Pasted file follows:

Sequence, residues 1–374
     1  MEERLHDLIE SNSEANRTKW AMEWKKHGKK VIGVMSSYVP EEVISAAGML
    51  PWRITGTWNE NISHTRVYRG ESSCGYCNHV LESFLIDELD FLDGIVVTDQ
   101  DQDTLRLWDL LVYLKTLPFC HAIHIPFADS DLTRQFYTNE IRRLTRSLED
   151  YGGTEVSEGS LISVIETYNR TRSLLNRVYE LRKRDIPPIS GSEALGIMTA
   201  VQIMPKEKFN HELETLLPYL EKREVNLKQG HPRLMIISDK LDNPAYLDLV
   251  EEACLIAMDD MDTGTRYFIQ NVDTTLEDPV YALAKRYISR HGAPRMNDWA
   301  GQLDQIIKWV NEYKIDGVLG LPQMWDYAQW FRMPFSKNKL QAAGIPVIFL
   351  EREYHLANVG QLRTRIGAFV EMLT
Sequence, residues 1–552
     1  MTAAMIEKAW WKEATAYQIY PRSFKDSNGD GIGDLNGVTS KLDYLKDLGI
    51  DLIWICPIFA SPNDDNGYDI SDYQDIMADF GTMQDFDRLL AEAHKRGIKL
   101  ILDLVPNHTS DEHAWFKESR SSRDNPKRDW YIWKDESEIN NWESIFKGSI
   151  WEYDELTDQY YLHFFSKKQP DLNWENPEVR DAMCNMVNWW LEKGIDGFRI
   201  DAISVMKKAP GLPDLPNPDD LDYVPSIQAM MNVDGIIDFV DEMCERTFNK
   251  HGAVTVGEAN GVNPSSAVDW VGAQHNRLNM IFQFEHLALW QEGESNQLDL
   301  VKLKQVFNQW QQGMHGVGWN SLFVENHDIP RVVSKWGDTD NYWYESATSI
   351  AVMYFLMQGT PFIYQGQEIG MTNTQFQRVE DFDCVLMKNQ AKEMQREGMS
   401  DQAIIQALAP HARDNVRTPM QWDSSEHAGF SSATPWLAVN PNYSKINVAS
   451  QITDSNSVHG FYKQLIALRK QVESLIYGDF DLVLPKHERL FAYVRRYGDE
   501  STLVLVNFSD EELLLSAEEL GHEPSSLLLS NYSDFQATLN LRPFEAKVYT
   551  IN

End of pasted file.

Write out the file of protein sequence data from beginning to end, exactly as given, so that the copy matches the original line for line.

Sequence, residues 1–374
     1  MEERLHDLIE SNSEANRTKW AMEWKKHGKK VIGVMSSYVP EEVISAAGML
    51  PWRITGTWNE NISHTRVYRG ESSCGYCNHV LESFLIDELD FLDGIVVTDQ
   101  DQDTLRLWDL LVYLKTLPFC HAIHIPFADS DLTRQFYTNE IRRLTRSLED
   151  YGGTEVSEGS LISVIETYNR TRSLLNRVYE LRKRDIPPIS GSEALGIMTA
   201  VQIMPKEKFN HELETLLPYL EKREVNLKQG HPRLMIISDK LDNPAYLDLV
   251  EEACLIAMDD MDTGTRYFIQ NVDTTLEDPV YALAKRYISR HGAPRMNDWA
   301  GQLDQIIKWV NEYKIDGVLG LPQMWDYAQW FRMPFSKNKL QAAGIPVIFL
   351  EREYHLANVG QLRTRIGAFV EMLT
Sequence, residues 1–552
     1  MTAAMIEKAW WKEATAYQIY PRSFKDSNGD GIGDLNGVTS KLDYLKDLGI
    51  DLIWICPIFA SPNDDNGYDI SDYQDIMADF GTMQDFDRLL AEAHKRGIKL
   101  ILDLVPNHTS DEHAWFKESR SSRDNPKRDW YIWKDESEIN NWESIFKGSI
   151  WEYDELTDQY YLHFFSKKQP DLNWENPEVR DAMCNMVNWW LEKGIDGFRI
   201  DAISVMKKAP GLPDLPNPDD LDYVPSIQAM MNVDGIIDFV DEMCERTFNK
   251  HGAVTVGEAN GVNPSSAVDW VGAQHNRLNM IFQFEHLALW QEGESNQLDL
   301  VKLKQVFNQW QQGMHGVGWN SLFVENHDIP RVVSKWGDTD NYWYESATSI
   351  AVMYFLMQGT PFIYQGQEIG MTNTQFQRVE DFDCVLMKNQ AKEMQREGMS
   401  DQAIIQALAP HARDNVRTPM QWDSSEHAGF SSATPWLAVN PNYSKINVAS
   451  QITDSNSVHG FYKQLIALRK QVESLIYGDF DLVLPKHERL FAYVRRYGDE
   501  STLVLVNFSD EELLLSAEEL GHEPSSLLLS NYSDFQATLN LRPFEAKVYT
   551  IN